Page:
David Prosser: BAA humbles Incompetence Commission

Outlook: BAA is hardly likely to invest more than it can get away with in assets that it knows it will soon be selling off

Do we need a Competition Commission inquiry into the Competition Commission itself? After all, the monopoly that the authority enjoys on matters of competition seems to have led to its infection with an alarming level of incompetence.

The Commission spent two years and goodness knows how much money investigating BAA's stranglehold on the UK's airports before a hugely controversial ruling that it should be forced to sell three of them off. But whatever the rights and wrongs of that ruling, what possessed the CC to leave itself open even to the possibility of accusations of bias?

No one – not even BAA – is suggesting that Peter Moizer behaved improperly during his time working on the CC's investigation into BAA. But though Professor Moizer eventually stepped down from the inquiry – he had another role advising a possible bidder for BAA's Gatwick Airport, which left him conflicted – his resignation came too late to save the CC from a challenge of potential bias.

Note that the Competition Appeal Tribunal (CAT) yesterday rejected BAA's other claim, that forcing it to dispose of three airports in two years was unfair. In other words, the only argument against the ruling with which BAA has had any luck is the one concerning Professor Moizer's conflict of interest. The CC should never have allowed such a problem to arise in the first place.

Given BAA's failure to win its fairness challenge, it seems unlikely that the CAT ruling will change the outcome of this case in the long term. But the airports operator will no doubt enjoy the embarrassment of its foes at the CC, whose credibility has been damaged by this affair. And the practical consequence of the ruling is that BAA will now almost certainly have longer than it was expecting to sell off two more airports. (It has already agreed the sale of Gatwick.)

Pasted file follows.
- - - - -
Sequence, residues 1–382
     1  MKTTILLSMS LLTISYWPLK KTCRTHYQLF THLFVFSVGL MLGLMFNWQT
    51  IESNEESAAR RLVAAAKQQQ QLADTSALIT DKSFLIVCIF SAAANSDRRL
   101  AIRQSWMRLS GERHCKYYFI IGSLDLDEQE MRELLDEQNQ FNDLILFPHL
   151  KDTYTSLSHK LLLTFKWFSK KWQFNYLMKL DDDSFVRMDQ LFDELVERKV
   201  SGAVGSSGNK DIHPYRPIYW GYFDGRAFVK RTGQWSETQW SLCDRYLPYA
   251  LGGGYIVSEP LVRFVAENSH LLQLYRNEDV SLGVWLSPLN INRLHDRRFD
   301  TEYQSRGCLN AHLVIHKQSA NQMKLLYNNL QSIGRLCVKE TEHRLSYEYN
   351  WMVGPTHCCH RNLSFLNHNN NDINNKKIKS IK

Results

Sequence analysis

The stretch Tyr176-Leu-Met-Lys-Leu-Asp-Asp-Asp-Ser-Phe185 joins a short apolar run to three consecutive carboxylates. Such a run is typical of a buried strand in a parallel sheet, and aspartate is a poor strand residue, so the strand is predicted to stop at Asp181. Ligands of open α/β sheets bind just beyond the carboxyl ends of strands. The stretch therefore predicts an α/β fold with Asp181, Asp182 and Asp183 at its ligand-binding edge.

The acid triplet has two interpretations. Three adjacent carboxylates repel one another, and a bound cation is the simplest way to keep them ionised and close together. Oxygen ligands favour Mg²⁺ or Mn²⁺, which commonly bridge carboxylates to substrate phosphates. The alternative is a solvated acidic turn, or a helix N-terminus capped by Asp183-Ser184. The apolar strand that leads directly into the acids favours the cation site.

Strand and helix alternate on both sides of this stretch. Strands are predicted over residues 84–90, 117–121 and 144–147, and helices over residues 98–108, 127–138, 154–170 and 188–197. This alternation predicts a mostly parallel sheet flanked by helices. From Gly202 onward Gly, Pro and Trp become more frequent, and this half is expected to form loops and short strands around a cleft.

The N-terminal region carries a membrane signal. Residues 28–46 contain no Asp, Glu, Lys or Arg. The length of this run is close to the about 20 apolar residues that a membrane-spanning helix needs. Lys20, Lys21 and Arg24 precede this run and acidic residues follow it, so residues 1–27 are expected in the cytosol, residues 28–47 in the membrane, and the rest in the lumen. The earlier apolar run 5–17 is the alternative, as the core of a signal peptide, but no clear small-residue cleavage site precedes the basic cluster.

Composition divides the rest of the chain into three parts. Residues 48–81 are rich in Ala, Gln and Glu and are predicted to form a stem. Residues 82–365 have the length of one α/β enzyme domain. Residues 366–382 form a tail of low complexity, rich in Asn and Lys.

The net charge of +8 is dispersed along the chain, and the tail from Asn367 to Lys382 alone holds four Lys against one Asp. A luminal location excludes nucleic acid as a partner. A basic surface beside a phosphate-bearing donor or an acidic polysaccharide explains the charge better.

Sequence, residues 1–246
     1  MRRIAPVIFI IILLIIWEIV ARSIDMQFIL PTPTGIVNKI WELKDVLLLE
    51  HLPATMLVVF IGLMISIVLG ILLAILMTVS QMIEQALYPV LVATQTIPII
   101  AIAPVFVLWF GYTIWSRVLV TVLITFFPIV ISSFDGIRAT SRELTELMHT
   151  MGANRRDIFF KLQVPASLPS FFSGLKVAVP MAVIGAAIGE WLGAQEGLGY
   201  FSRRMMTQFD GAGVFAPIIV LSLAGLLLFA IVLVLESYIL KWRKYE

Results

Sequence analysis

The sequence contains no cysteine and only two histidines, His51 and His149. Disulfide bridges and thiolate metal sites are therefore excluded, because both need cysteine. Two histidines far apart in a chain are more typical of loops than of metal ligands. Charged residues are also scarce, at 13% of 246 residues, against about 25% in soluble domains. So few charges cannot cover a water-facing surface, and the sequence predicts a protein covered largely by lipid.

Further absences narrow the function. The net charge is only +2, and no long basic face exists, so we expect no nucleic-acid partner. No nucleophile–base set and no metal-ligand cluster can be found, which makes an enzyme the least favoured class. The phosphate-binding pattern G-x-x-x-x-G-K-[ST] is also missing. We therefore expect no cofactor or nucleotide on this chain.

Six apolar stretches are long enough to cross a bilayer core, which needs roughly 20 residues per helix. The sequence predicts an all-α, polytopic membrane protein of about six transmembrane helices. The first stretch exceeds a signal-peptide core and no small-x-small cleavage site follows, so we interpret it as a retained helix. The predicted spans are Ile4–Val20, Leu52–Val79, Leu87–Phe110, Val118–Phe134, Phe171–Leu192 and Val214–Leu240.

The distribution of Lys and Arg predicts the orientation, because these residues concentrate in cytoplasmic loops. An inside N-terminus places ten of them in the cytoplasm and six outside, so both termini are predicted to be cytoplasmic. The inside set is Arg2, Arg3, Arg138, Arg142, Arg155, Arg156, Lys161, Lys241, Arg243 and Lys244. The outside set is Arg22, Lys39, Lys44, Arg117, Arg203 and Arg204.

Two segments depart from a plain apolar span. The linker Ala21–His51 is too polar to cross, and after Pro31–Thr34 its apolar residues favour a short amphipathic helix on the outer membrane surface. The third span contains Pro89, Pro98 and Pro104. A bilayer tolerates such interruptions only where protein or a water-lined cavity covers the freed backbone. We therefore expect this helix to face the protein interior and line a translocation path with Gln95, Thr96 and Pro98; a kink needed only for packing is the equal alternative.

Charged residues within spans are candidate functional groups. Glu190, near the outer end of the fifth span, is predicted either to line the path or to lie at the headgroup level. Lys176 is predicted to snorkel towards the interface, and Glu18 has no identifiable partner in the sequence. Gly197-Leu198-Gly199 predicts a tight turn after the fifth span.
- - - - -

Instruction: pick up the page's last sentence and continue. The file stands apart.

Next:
For BAA, it is good news that its rather opportunistic challenge to the CC has paid off. Buyers will still know that the company is a forced seller, but by the time it gets round to negotiating on the price of, say, Glasgow, Edinburgh or Stansted, Britain may have put the recession behind it. BAA may well be able to command fuller bids for its assets at a time when the economy is once again growing strongly.

In the meantime, all the arguments that persuaded the CC to order these disposals in the first place remain valid. More so, in fact, since BAA is hardly likely to invest more than it can get away with in assets that it knows it will soon be selling off.

For the customers of certain airports – including airlines, passengers and retailers – that means a longer wait for improvements. All because the CC couldn't get it right on the most basic matter of impartiality.

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